This is Molly and her one month old heifer calf, Annie. The farmer believes she is a shorthorn cross. She appears to have a beefy type build and so does her calf. I'll know more when she gets her new hair coat and sheds a few manure tags. She has hard a pretty tough winter and needs a couple of weeks to just eat, relax and chew her cud. I've got her quarantined until we have a vet check. This will give her plenty of time to eat her fill and regain some of the weight she needs before she meet the other cattle here. The calf is in great shape. It's pretty obvious that all Molly was getting was going right to her calf. She has a good temperament and I think she will fit in just right around here :)
Spring seems to be arriving early here in the Northeast. Our snow is just about melted and even the mud is drying up quickly. I imagine we will see another snow storm or two but nothing that will stay for long. Fifty degree temps make it easy to work outside and spring work is underway. Our ewes have big bellies and lambs are due in the next week or two. Two more goats are due to kid any day now. Sarge & Beetle Bailey will be two weeks old tomorrow.
They will use anyone or anything for a jungle gym, including me :) I cherish the few minutes I can squeeze out each day to sit and play with them. I absolutely love my life on the farm and all that goes on here but I miss having time to enjoy each and every baby that comes along. Before long, these little goats will be out in population and playing with the big goats and won't pay any attention to me unless I have a snack in my pocket!
Good weather brings more customers into our Farm store weekly. Everyone agrees the warmer temps makes shopping a much more pleasant errand to do. We have new handcrafted items for sale that I haven't put on the website yet so thought I would share them here.
Horse shoes have always been in abundance around here, old and new and have added up quickly over the years. We now have several Western Art theme gifts in our shop.
Horse shoe lamps in two sizes. The first is made with pony size shoes, the lower lamp with saddle horse size shoes. Each lamp is handcrafted and no two lamps are exactly the same. All lamps come with a rust free finish and a no slip base.
I love the great business card holders and quickly made use of one on my counter in the store.
These make great gifts for the business person in your life. They hold approximately 40 cards at a time and stay where you put them.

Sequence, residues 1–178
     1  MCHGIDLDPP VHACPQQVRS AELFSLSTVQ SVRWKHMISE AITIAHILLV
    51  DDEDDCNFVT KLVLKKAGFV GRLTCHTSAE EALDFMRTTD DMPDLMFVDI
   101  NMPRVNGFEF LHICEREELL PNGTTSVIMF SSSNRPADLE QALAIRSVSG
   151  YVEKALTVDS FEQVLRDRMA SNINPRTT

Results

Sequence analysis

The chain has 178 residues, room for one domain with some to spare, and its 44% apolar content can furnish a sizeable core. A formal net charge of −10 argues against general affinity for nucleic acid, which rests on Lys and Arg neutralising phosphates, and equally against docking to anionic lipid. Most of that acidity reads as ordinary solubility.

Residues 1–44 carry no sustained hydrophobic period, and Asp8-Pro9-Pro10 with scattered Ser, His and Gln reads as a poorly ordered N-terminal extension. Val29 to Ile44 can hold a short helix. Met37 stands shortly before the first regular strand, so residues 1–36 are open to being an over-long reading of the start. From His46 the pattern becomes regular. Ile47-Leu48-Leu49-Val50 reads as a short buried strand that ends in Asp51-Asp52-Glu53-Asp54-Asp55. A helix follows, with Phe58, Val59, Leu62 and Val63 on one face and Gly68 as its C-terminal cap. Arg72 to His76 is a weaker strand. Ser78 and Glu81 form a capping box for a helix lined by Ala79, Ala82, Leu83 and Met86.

And for a little fun, a horse shoe brain teaser. Yes, there is a way to get the silver ring off the chain in the center of the shoes :)
We have a dozen more ideas in this Western Art department and hope to have several more items in stock before too long. Stay tuned ~
I am very fortunate to be part of a team that organizes an event in Freeport, Maine called the Spa Knit & Spin. This is the 8th year that people from all over New England and beyond have gathered together from Friday through Sunday to enjoy each other's company, inspire each other, ooooh and aaaah over each other's creativity, and SHOP! What better way to drive out the winter blues?
We take over three hotels, and have a fabulous Vendor Mercantile. Twenty three awesome vendors with booths full of beautiful hand dyed rovings and yarns of sheep wool, angora, mohair, cashmere, bamboo, yak, etc., quilting fabric, handspun/handknit items, spinning wheels; hand turned needles and crochet hooks, etc. It's a fiber addicts paradise and if you were new to all of this when you arrived, you were hooked by the time you went home! I came home with several fiber goodies and certainly feel inspired and encouraged with several ideas in mind.
Roving in every color and so many different blends of wool and other fibers.
Intense color everywhere! It was so difficult to stick to a budget and not just go wild :) I purchased a spinning book called "Spin Control" from the author, Amy King. I have my autographed copy and am enjoying learning more about how to better use my wheel and my fiber . If you are a spinner, it's a must for your library.
Sock yarn anyone? Could you pick just one color?!
This great little hand bag was just calling my name. I fell in love with the fabric - and I can relate to these sheep. lol... The vendor had straight and circular needle cases in this same fabric as well as knitting bags. They are all handmade and they were selling quickly.
I try to make something special each year to wear to Spa from my own animals. This year I made a scarf out of my pygora fiber. It was from Rudy, one of my gray pygorawethers and I overdyed it with burgundy. It is elegantly soft and I loved wearing it.
I know many, many people went home with full hearts and stash bags, me included, looking ahead to Spa Knit & Spin 2011. Thanks to all who make this weekend possible each year!!!
Tylerfarm homestead is a three generation working family farm. Farming & working together give our family a feeling of belonging and responsibility. We know we're all in this together, jointly responsible for our home & livelihood. Our goals are to farm sustainably, strive for self sufficiency, and to support our neighbors and local farmers. Our animals are an integral part of our farm and are raised naturally and ethically.